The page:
Intervening in the lives of goats
By Heidi Shott
Fifteen years ago this week five friends enjoyed a picnic on the west coast of Ireland just north of Galway. We had ham and cheese, good bread and a tube of spicy mustard perfect for a cutlery-free, wayside lunch. I suspect there were cookies and cherries and probably pickles. We ate perched on a jumble of rocks – not unlike the coast of Maine – high above that side of the Atlantic. It was a wonderful lunch, full of happy banter. It was the kind of lunch I would have remembered years later even if what happened next hadn’t happened.
After lunch, my friend Denise and I decided to pick our way along the rocks. We hadn’t gone far before we heard the insistent, unmistakable bleat of goats. We walked toward the sound and looked over a precipitous edge. Twenty feet below three goats – two grownups and a kid – balanced on a narrow ledge. Bleating, panting and standing amid clumps of goat poop, these were not happy goats. The drop facing the sea was much greater than the 20 feet above.
Oh dear. A goat crisis.
Denise, a physician, is used to fixing things and immediately started to make suggestions about how to effect a rescue. We tossed a few implausible ideas around but after a moment we yelled, “Scott!” My husband, the best kind of troubleshooter, ambled over with our other companions, Chris and Mo, whose turn it was to pack up the lunch things.
“They’re goats. They’ll figure it out. That’s what goats do,” he said dismissively. “They leap up and down rocks and ledges.”
“But they look hot and panicky,” I moaned.
“There’s a lot of goat shit down there and they appear to be dehydrated,” said Denise. “They’ve been stuck down there a long time.” She looked around to a couple of cottages a quarter-mile in either direction along the coast. “Maybe we should tell a farmer.”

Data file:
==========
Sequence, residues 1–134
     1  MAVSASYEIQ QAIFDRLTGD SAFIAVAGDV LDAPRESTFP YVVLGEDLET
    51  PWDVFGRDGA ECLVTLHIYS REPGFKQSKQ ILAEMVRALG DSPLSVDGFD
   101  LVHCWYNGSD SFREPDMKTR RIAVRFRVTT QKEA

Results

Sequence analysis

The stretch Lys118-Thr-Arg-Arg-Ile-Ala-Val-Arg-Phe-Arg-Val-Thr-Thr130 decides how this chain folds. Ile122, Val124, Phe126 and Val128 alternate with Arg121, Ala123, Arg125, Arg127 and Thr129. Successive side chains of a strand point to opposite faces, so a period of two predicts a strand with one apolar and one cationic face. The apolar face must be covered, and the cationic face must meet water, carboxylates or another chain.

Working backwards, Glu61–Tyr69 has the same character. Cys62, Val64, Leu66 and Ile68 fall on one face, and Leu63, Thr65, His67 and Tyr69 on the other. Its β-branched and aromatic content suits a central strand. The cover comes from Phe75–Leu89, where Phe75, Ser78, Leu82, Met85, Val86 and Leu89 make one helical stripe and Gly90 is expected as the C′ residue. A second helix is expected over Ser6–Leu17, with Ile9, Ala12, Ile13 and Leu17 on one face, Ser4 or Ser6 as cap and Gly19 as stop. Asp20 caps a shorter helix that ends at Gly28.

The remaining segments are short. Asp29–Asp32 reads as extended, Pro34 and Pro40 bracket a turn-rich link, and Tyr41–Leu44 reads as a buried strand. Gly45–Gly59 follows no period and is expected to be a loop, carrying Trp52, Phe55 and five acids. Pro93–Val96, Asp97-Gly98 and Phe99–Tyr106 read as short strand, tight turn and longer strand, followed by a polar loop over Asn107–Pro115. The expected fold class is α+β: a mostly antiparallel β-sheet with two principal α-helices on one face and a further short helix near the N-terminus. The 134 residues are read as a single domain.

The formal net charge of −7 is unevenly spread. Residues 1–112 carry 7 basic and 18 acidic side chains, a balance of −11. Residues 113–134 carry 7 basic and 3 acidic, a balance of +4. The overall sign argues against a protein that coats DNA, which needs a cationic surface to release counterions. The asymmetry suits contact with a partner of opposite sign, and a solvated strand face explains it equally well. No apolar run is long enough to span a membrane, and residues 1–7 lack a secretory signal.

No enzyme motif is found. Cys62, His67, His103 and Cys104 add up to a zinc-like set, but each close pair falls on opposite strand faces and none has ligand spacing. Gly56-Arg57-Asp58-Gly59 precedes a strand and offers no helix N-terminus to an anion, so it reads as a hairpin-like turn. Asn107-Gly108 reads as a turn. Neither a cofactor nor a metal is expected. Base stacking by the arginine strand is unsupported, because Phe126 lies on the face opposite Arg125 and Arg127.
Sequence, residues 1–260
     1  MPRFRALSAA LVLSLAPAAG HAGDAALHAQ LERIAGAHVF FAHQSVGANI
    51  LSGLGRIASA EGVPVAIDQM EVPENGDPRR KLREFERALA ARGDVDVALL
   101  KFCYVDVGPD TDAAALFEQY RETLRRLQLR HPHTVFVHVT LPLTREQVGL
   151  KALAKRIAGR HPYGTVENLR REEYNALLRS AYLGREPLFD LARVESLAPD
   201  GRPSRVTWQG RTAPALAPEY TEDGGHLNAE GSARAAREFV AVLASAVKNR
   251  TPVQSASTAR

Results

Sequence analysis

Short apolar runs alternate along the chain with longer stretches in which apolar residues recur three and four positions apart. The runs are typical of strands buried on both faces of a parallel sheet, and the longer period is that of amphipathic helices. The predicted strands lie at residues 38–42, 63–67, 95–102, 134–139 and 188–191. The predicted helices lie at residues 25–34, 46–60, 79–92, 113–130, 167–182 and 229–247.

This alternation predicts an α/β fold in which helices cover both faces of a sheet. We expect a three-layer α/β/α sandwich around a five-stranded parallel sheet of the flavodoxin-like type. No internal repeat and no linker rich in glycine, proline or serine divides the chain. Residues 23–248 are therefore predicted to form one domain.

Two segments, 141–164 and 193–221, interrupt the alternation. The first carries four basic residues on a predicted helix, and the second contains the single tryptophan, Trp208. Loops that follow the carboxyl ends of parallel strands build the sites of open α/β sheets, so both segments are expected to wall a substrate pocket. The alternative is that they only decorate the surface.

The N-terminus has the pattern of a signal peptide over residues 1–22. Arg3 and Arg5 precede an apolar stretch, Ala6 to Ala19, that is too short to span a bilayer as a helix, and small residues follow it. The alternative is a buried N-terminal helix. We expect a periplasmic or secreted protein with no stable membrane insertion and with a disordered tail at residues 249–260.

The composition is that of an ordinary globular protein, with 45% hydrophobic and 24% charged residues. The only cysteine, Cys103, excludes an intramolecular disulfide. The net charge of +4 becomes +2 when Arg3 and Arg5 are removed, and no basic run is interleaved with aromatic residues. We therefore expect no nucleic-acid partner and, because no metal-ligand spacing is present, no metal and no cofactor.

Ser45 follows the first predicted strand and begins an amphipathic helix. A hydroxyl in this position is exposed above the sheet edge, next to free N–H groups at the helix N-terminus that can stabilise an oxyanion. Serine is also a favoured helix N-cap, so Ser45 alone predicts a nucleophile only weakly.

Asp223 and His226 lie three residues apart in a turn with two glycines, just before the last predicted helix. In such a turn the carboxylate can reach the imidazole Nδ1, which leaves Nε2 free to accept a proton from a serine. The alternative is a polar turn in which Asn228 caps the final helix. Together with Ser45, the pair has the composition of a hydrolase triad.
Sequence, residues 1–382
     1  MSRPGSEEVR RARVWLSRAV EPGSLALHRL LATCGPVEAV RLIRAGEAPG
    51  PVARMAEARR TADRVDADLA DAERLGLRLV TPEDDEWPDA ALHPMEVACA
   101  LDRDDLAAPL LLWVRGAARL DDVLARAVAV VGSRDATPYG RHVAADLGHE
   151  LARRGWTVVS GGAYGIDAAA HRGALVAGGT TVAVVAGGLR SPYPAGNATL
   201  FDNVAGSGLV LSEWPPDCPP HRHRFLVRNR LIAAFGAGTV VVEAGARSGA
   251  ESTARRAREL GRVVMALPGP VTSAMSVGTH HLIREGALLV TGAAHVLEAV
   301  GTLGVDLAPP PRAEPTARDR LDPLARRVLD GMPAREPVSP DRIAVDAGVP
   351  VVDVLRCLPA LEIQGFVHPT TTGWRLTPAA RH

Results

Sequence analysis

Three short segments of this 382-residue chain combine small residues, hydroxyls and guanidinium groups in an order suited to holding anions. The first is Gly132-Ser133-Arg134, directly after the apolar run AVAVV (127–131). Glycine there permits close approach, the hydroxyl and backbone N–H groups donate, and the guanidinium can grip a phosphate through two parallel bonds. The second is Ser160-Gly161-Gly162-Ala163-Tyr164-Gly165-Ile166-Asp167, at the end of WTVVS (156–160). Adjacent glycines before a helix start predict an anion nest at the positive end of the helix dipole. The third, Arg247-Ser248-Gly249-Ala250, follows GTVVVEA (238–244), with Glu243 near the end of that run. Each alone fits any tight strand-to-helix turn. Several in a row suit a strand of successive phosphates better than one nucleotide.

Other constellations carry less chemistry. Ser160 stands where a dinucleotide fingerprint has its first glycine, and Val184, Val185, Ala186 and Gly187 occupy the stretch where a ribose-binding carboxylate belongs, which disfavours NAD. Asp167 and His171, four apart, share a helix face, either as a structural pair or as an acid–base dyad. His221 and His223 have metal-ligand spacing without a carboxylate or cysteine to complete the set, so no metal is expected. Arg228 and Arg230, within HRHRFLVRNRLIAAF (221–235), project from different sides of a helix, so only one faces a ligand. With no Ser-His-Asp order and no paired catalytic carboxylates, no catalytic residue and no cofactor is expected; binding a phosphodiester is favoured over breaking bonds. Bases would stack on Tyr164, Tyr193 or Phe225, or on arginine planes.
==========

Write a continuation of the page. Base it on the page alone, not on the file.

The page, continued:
Scott howled and his native West Virginian accent suddenly shifted to Irish: “Now, Jimmy, do you remember the time when we were kids and the daft Americans stopped by to inquire as to the welfare of the goats?” He looked at Denise and me. “They’ll be telling that story 50 years from now.”
After another ten minutes of heated goat debate, we conceded defeat and piled into our rental car. We stopped for the night in Galway where, at the modern Cathedral, I looked around for my friends before dropping an Irish punt into a tin and lighting three candles for the you-know-whats.
The goat affair wasn’t the first time I’d been tempted to intervene in matters outside my sphere of responsibility. About four years earlier, just a few weeks before we moved to Maine from West Virginia, I sat down in a colleague’s office at the newspaper and told him that there was something I thought he should know. I thought he should know that there were rumors floating around town that he was having an affair with a church secretary. I said I knew the rumors would be hurtful to his wife and daughter. I admired this man.
“I don’t know how these things get started,” he said with a wave of his hand. “I appreciate you telling me, but there’s nothing to it.” He deftly shifted the conversation to some loose ends with a story I was working on. He walked me back to the stairs.
“You did what?” Scott asked me when I told him I’d talked to Keith. “It’s not your place to intervene.” Months later we learned that Keith and the church lady had run off to North Carolina. It hadn’t lasted. After a month he slouched back to his wife.
Despite my acute embarrassment, I wondered if I still hadn’t done the right and caring thing by talking to him. I had intervened with a good heart and loving intentions. But feeling burned, I also decided to never put myself in that position again. I’d mind my own business in the future. Later, when it came to the goats, I didn’t insist on intervening and it’s haunted me ever since. My good friend Denise knows this and every few years, after we’ve had a few glasses of wine, she’ll lean back in her chair, look to the ceiling, and muse, “I wonder what happened to those goats?”